I should like to do a little special pleading at this point. For many years my own authority in Cambridgeshire, and earlier in Huntingdon and Peterborough, found it advantageous and much less costly to ratepayers to carry its own risks and not pay high premiums to the insurance companies. That policy paid off over the years when perhaps a handful of schools out of several hundred were vandalised and the authorities could afford to carry the costs of the repairs themselves. Damage on the scale that occurred last week is a quite different proposition, and happily such events occur very infrequently. However, since 1983, as the noble Baroness has said, local authorities have been under tremendous pressure to cut back expenditure and I believe that more and more authorities are now carrying their own insurance risks. Can the Minister give us an assurance that he will not only look at this problem but look at it sympathetically and in this special circumstance perhaps give more consideration to the present uninsured losses rule?

In the winter of 1981–82 also there was an early cut-off time for claims. With hindsight many authorities felt that that came too soon for them to realise what had been the long-term frost damage to the roads and many authorities lost out. This time one is dealing with damage to property and services and with loss of trees and flood damage. We welcome the news that extra grant will be available through the Countryside Commission and other organisations and that extra grants will be available to local authorities for planting schemes.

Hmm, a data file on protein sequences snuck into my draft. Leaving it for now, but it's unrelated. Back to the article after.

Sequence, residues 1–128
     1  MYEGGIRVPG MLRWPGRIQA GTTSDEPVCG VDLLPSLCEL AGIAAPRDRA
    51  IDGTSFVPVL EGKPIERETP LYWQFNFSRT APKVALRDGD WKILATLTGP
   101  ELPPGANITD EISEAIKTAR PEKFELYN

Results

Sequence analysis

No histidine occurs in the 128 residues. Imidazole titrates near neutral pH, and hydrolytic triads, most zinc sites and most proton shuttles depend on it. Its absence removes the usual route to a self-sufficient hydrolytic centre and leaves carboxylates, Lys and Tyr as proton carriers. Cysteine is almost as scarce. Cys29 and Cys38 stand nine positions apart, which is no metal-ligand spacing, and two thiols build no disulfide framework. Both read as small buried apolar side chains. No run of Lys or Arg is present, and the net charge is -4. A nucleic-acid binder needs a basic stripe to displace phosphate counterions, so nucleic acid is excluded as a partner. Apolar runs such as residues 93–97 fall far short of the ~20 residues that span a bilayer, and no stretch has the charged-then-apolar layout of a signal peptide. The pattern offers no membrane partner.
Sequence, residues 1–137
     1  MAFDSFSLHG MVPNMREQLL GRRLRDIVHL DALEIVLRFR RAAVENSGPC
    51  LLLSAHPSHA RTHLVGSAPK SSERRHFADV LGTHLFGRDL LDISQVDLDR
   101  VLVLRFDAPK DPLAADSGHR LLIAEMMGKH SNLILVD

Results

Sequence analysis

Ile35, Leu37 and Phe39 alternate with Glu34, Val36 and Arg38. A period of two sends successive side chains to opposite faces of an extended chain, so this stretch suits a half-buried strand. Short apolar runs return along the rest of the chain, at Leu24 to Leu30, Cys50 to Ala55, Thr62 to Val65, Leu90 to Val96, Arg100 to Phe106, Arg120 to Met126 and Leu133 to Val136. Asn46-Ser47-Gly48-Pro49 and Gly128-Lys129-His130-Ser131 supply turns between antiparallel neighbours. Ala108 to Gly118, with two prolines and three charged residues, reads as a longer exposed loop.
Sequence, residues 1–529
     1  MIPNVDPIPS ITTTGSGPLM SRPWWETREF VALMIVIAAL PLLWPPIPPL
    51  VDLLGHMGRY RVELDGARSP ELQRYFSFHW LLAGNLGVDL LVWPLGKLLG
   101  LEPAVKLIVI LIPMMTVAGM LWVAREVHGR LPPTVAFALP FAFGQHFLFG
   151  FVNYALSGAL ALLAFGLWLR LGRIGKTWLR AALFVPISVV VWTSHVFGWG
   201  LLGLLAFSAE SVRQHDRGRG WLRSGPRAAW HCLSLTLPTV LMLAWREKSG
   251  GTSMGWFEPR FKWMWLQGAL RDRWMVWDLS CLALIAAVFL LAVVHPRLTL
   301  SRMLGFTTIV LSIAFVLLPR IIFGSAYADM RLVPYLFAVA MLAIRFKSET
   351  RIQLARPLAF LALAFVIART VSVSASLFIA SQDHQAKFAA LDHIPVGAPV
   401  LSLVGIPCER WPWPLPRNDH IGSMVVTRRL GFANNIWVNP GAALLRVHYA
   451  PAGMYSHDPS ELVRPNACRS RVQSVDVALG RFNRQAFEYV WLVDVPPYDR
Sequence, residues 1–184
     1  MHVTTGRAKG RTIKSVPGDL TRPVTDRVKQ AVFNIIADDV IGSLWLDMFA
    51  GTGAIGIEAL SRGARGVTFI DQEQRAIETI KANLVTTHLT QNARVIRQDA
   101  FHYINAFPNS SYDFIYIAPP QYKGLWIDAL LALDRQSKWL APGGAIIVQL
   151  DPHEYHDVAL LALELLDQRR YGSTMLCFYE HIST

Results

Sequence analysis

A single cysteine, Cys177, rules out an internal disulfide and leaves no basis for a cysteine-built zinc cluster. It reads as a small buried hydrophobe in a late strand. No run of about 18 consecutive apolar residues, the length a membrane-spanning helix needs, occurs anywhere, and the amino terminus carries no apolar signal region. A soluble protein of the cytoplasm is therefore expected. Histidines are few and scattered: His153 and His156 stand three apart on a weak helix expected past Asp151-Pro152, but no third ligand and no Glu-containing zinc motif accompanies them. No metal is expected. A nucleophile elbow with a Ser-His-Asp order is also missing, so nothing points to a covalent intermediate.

We were delighted to hear the Minister's proposals for the work to be carried out in the Royal Parks and other places of national importance. The damage to trees has been quite devastating. With all the good will in the world no organisation can be certain either that the appropriate replacement trees will be available, and certainly not more mature trees, or that the winter that is before us will be suitable, with the right type of labour available in sufficient quantity, to do all the necessary replanting. Will the Government's commitment to help be on-going in that respect?